As the spotlight was thrown on a rich historic Lake District legacy tributes were paid to volunteers who are increasingly involved in preserving the heritage.
Archaeology in the Lake District's 2014 conference in Keswick saw how projects across the national park were boosted by a growing brand of dedicated enthusiasts.
Around 200 delegates from across the region gathered to share the successes of a raft of work, including Reflections on History, one of nineteen Windermere Reflections projects. It saw 114 volunteers surveying and excavating woodland areas, mill sites, quarries, mining and iron smelting operations.
Romans in Ravenglass was also showcased, demonstrating how a whole community can come together to explore a nationally important settlement and period in history.
Lake District National Park's archaeology and heritage adviser, Eleanor Kingston, said from school children to local organisations and people living in the national park, project helpers had left invaluable information for future generations.
"It was wonderful to share these achievements. We now have a regular volunteer force of 68 with six supervisors. Last year, they contributed 143 days to conservation work, which, valued at Heritage Lottery Fund rates, equates to almost £21,500.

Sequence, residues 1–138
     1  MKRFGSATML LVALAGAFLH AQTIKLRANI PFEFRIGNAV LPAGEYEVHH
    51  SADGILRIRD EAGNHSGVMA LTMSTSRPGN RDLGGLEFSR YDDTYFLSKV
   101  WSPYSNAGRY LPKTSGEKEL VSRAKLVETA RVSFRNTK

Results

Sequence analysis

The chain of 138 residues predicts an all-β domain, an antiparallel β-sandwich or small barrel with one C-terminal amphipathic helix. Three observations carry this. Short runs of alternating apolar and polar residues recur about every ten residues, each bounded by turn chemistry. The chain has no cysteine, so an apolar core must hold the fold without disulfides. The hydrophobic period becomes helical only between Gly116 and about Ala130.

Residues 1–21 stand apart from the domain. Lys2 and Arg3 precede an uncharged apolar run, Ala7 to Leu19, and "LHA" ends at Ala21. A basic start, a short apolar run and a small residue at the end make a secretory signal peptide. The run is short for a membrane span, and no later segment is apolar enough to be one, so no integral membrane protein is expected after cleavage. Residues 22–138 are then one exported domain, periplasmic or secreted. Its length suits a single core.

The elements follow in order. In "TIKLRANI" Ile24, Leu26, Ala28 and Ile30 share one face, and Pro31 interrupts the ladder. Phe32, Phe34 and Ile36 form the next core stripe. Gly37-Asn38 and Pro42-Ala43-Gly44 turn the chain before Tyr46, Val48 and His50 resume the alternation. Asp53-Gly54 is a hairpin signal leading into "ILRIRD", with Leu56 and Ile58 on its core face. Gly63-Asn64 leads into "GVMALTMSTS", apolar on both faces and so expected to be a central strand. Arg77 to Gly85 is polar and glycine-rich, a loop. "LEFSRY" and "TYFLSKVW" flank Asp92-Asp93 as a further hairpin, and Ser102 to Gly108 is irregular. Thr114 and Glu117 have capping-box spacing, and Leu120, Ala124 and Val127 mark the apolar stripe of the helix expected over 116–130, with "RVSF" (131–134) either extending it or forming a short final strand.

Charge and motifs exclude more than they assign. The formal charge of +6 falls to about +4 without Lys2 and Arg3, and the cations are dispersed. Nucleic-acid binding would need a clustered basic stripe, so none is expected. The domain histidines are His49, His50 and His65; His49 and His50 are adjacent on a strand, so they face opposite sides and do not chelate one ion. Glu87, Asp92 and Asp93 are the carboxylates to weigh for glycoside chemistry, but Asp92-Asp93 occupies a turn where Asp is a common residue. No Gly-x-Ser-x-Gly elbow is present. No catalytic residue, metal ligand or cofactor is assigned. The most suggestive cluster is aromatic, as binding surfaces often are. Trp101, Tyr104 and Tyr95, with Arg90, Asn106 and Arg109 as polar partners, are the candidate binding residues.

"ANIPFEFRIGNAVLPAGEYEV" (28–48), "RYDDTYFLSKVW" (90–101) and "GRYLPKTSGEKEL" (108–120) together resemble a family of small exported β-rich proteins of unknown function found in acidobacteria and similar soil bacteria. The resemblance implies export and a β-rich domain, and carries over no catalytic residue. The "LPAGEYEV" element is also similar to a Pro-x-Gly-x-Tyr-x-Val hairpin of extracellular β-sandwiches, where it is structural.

"So far this year, there have been 294 days, worth over £44,000. That's an enormous contribution and their efforts are hugely valued."
The national park has 281 scheduled monuments, nine registered parks and gardens of historic interest, 15,504 sites in the Historic Environment Record and Ravenglass Roman fort is part of Hadrian's Wall World Heritage Site.
Eleanor explained the growing interest in archaeology had seen great benefits across the Lake District and asked for anyone interested in becoming a volunteer to contact her.
She said: "The conference was a real celebration of achievements and opportunities and volunteers are crucial to keeping up these levels of momentum."
Her contact details are email@example.com or 01539 792712.